You’ll play through a lot of battles in King Arthur and as you’d expect, you can avoid some of these by allowing the AI to auto-resolve them. Just as in the Total War games however, this isn’t necessarily a good idea because the AI certainly doesn’t seem to do a decent job of protecting your forces. Battles you should win easily are still won but they often come at a far higher price than you may have anticipated with a high amount of your units being killed. As a result you’ll find yourself wanting to personally take charge of the battles to avoid unnecessarily depleting your forces. Even when you take charge of the battles personally however, there are times when you are left wondering why your units occasionally appear to ignore your orders. It doesn’t happen all of the time but it’s annoying when it does and can cause unnecessary casualties.

The general difficulty level of the battles in the campaign varies wildly and whilst some are easy and most are absolutely fine, there are some which are devilishly difficult. There are some who will appreciate the challenge of course but I suspect most will become frustrated by the difficulty spikes, even on the lower difficulty levels. By default the Bowmen seem overpowered and can cause a frightening amount of casualties. You can choose to make them weaker in the options menu but it’s strange that they are overpowered to begin with.

Aside from the single-player campaign there are also scenario and multiplayer modes. The scenario mode allows you to jump into one-off battles with the AI. You’ll get to configure your forces and those of the AI and select one of the many maps available to you. It’s a fairly useful way of practising your battle technique but in truth it’s not a mode that will hold your interest for long. If you fancy a one-off battle against human opposition there’s always the multiplayer mode. Don’t get your hopes up of finding some human opposition easily however. I’ve tried numerous times to play the multiplayer mode only to find that no opponents or games have been available.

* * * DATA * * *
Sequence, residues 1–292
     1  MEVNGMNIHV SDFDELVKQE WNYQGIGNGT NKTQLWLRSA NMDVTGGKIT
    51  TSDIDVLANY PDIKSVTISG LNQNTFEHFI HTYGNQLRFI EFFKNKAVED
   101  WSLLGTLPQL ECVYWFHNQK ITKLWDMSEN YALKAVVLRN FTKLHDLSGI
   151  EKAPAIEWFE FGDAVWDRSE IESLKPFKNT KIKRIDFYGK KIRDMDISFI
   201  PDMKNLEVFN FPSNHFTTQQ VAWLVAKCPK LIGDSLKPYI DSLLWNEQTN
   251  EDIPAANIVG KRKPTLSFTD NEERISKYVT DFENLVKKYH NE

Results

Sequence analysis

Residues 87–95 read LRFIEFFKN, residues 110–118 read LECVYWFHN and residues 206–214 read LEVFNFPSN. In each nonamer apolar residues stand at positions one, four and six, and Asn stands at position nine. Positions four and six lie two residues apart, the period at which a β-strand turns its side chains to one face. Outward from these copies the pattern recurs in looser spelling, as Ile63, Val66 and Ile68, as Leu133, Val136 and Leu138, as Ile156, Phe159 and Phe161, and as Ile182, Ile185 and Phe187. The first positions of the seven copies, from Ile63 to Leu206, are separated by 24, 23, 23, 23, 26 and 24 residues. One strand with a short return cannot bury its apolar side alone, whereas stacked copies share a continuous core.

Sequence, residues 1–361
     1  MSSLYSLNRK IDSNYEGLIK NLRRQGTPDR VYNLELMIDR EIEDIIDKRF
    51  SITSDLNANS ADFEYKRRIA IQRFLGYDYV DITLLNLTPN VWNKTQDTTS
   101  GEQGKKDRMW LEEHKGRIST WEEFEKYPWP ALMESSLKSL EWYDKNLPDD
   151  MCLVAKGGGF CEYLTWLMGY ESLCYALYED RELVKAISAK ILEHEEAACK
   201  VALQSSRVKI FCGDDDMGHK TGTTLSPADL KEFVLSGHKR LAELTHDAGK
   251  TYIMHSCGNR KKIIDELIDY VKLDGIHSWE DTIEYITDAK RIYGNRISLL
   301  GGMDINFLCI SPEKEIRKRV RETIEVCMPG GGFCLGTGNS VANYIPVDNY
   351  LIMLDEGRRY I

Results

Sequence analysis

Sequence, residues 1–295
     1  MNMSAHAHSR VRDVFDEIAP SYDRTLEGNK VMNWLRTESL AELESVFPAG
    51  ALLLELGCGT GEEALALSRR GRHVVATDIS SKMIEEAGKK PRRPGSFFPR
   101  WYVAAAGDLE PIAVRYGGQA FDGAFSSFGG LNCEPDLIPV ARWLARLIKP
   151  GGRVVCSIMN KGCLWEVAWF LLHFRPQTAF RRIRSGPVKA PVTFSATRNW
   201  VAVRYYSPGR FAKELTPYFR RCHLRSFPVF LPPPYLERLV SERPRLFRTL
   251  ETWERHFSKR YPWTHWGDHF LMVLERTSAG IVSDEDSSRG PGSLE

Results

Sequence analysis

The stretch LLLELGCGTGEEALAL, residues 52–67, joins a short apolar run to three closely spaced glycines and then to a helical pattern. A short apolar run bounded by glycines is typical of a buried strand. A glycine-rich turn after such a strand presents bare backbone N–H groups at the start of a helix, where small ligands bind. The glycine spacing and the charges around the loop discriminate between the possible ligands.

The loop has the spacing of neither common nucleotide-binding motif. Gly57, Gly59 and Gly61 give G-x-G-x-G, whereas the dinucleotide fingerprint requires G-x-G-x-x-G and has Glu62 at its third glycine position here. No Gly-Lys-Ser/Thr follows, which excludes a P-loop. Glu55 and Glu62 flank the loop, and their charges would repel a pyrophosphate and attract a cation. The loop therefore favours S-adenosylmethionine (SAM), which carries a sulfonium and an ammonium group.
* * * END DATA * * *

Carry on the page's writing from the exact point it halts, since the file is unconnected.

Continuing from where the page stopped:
Graphically this is a fine looking game. I really appreciate how each of the seasons look on the game’s campaign map ranging from the lush terrain of spring to the snow covered landscapes of winter. The battles don’t look quite as impressive as those in the recent Total War games but they certainly look good enough. I didn’t appreciate the rather nauseous spinning around of the camera at the start of a battle which shows you the victory locations but thankfully you can simply press the ‘ESC’ key which enables you to bypass this. The general presentation of the game is absolutely fine however.

King Arthur: The Role-playing Wargame does offer subtitles but sadly, not everything is subtitled. The opening cut scene, and every major cut scene in the game, isn’t subtitled. This is very unfortunate and slightly annoying as in almost every other respect the game is fine for deaf gamers. Comments made by your units when giving orders on the battlefield aren’t subtitled but tutorial messages, objectives, quest details and other essential information is given either through the use of text or icons. Cut scenes aside then, the game won’t give deaf gamers any problems.

There’s a lot to like about King Arthur: The Role-playing Wargame. The game is steeped in Arthurian lore and legend and anyone who is a fan of King Arthur and the Knights of the Round Table should consider the game an essential purchase. The single-player campaign is very enjoyable and manages to deal with the Arthurian source material very nicely. Yes the difficulty level can be a little uneven at times but in the grand scheme of things it’s a minor problem. You might struggle to play an online battle, due to the lack of players online, but the single-player game is strong enough to make this a recommended purchase for those with an interest in its themes.

Overall Game Rating 8.0/10

Deaf Gamers Classification

DGC Classification C